Jamie Lee Curtis gets into the spirit of Christmas with the Kranks

It's ten o'clock on Saturday morning and Jamie Lee Curtis is buzzing. Dressed in a sharp black suit with a red poinsettia, she brims with pep, energy, and, one might guess—caffeine. To a mostly stunned room of journalists, she leans across the table and shakes each person's hand, modestly introducing herself with a cheerful "Jamie Lee Curtis!"

As she sits down, she laughs and tells us that every time she uses the phrase, "Family Christmas Comedy," a charge account is triggered at the publicity firm for her new movie, Christmas with the Kranks.

How would you define the genre of this movie and what were the challenges?

Jamie Lee Curtis: [Laughs.] Christmas Family Comedy!

Would you consider it dark in some ways?

Jamie Lee Curtis: No. I think if anything, it takes a very classic kind of Christmas American value. But what people don't realize is that there's actually a lens over it, looking at it with some question. And that's ultimately why I think the book was so successful, because it really does make you go, "Well, why are we doing this? What is this about?" A snowman that has no connection to the birth of Christ. Was there a Frosty in the manger? You know, in my little crash figures, there's no Frosty.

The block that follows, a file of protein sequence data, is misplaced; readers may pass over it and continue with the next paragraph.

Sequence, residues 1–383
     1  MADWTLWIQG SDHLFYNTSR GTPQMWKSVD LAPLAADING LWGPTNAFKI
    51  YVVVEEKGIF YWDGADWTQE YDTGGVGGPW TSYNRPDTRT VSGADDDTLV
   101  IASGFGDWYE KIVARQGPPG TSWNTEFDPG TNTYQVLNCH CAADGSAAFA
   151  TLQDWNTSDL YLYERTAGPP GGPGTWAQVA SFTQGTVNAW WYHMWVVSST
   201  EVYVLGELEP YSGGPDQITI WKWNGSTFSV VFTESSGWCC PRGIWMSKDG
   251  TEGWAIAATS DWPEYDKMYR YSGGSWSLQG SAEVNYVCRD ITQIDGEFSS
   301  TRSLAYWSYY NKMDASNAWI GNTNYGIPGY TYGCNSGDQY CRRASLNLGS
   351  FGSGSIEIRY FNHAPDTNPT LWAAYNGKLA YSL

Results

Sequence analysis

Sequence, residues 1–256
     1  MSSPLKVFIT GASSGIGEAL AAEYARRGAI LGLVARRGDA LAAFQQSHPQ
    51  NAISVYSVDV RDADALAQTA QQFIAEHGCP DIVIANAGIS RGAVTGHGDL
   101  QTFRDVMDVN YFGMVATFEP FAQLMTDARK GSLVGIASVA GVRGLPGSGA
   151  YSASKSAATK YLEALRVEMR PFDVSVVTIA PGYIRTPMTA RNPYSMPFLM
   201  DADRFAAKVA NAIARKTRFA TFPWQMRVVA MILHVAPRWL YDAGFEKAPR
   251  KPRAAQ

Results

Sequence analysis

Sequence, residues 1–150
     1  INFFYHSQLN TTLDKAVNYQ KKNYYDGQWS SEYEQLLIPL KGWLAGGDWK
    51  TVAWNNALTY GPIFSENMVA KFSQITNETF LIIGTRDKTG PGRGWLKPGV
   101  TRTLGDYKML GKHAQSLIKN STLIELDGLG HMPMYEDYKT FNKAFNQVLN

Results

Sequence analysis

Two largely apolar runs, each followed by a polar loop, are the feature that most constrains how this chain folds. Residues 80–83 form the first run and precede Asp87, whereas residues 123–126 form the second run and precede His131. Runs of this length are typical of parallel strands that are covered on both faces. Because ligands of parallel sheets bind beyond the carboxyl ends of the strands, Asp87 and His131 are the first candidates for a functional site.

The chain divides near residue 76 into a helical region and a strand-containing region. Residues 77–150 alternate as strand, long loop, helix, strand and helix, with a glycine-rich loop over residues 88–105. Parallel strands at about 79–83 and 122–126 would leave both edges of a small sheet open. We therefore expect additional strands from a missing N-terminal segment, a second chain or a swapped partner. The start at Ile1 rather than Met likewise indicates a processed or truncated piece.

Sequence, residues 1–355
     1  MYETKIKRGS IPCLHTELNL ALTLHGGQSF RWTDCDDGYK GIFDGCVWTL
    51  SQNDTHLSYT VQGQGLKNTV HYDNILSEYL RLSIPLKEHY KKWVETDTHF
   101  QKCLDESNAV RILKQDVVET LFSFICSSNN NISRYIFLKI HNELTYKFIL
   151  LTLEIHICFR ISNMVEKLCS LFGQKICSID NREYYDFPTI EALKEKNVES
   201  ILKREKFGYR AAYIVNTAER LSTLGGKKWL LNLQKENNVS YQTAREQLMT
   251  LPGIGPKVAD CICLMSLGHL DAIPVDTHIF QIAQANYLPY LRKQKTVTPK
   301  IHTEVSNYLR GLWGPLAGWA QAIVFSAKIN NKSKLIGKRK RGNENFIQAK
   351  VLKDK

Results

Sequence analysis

So there's this question of: has it become so over-commercialized? And I think that's if there's darkness, it's really the indictment of the American way, which is to overdo everything. Super size everything, you know, make everything an event, turn everything into an experience, and not just have it be the core connection, which is a time for families to come back together. I mean, besides the birth of Christ, it's that time to just cook together, to be together, the time of returning families together at the end of a year. I think that's the key moment.

Can you share what Christmas is like in the Curtis family?

We go to an undisclosed mountainous location [room laughs] in the northwest part of America, where it snows, and where we have a log cabin. And so we have a kind of traditional Christmas that we do, which is similar, you know, I think every year.

Every year, the first word out of both of our mouths after the first hour of present opening is "This is insane." I've actually changed a big thing this year. After doing this movie. I made the decision not to give adults Christmas gifts. It was a big decision for me.

Does that relate to this movie?

Jamie Lee Curtis: Sure. Yeah I just looked at it like, what am I doing? I am one of these compulsive people who start in like, July. So for me if Christmas is truly about children, waking up in that morning and having that tradition, then make it about children. What do I need to buy adult girlfriends of mine Christmas presents? It's insane.